6. Improved liquidity: Employee equity participation increases the company’s equity base, thereby improving its liquidity levels.
  7. Tax savings: If structured correctly, employee participation can be a more tax efficient way to compensate employees than ordinary salary payouts and benefits in kind. It can optimize taxes for both the employer and employee.

Disadvantages of employee participation

While employee participation is usually a win-win for both the employer and employees, there can also be some downsides:

  1. Slower decision-making: Participation schemes which involve employees in decision-making processes may lead to delays, as reaching a consensus among various stakeholders can take time. It can also dilute the owners’ decision-making power when employees share in the decision process.
  2. Implementation costs: Implementing employee participation mechanisms, especially those involving equity schemes, can be financially burdensome for organizations in terms of both time and resources.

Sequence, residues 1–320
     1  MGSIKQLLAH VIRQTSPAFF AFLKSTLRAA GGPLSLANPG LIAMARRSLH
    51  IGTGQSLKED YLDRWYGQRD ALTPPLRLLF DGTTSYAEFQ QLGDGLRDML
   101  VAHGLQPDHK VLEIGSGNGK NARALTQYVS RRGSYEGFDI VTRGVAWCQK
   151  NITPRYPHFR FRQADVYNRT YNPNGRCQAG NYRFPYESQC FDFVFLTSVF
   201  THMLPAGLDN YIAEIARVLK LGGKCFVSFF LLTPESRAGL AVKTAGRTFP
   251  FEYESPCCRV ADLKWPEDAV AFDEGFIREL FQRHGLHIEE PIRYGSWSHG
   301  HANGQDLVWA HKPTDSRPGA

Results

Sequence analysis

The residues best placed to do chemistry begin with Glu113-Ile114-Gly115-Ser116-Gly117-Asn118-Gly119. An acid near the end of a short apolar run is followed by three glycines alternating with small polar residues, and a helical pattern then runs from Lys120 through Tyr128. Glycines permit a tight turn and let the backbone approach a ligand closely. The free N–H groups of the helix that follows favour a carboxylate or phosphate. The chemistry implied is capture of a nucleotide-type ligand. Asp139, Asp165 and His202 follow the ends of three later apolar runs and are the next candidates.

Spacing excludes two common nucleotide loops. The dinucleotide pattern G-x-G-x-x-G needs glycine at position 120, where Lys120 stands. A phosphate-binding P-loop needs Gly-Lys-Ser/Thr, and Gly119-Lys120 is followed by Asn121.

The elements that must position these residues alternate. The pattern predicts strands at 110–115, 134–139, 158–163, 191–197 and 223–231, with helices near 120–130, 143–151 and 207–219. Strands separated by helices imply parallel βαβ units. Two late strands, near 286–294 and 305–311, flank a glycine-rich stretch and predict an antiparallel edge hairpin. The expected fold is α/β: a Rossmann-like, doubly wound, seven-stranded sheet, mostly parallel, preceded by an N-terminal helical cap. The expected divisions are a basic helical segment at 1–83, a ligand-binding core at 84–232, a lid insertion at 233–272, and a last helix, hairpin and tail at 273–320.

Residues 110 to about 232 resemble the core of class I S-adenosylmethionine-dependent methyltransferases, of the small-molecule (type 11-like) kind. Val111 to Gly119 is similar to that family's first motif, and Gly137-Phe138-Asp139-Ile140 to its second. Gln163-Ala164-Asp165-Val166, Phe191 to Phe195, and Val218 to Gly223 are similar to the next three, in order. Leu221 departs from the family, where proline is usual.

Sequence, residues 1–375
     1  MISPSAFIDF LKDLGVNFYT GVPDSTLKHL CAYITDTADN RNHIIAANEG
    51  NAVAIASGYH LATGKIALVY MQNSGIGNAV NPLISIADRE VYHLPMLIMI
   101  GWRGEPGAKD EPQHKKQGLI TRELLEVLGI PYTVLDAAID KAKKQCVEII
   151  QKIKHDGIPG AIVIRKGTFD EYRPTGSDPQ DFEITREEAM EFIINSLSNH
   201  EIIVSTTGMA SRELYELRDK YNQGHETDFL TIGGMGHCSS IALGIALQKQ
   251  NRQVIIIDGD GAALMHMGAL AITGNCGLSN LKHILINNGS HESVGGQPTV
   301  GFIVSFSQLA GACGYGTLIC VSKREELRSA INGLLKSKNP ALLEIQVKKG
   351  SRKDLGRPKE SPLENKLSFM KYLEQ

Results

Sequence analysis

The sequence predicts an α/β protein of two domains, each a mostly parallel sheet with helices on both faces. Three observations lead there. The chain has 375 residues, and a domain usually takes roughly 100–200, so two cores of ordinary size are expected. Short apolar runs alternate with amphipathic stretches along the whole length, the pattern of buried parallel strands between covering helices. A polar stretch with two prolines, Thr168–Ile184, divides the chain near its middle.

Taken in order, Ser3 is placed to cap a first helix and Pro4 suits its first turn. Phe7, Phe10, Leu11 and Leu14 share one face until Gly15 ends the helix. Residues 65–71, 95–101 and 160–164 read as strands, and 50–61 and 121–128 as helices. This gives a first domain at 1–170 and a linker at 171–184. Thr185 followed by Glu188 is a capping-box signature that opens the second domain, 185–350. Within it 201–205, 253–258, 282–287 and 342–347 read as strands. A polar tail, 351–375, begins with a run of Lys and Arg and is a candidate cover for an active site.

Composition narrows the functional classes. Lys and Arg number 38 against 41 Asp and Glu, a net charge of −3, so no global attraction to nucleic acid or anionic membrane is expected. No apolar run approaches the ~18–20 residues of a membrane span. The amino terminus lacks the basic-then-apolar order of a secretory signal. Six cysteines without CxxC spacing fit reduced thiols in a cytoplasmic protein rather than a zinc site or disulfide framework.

3. Potential conflicts of interest: Employee participation may sometimes result in conflicts of interest between employees and management, particularly when their goals do not align.
  4. Complexity: Employee participation schemes can be complex to administer, especially for multinational organizations operating in different legal and regulatory environments. Various legal and tax issues need to be factored in.
  5. Risk of information leakage: In organizations where sensitive information is shared as part of employee participation schemes, there is a risk of information leakage.

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How can Nexova assist you?

Employee participation schemes can be extremely beneficial when used correctly but require the right knowledge and expert support due to the complexities and challenges involved.

Nexova, the fiduciary partner for startups and SMEs in Switzerland, are experts in providing comprehensive solutions for employee participation schemes. Whether you are considering implementing a new equity participation scheme or seeking to optimize an existing one, we offer expert guidance and support at every stage of the process. From structuring employee equity plans to managing tax compliance, our team of experts are committed to helping you maximize the benefits of employee participation while minimizing any potential downside risk.

Contact us today to learn more about our comprehensive range of services to help your business pave the way to success in Switzerland!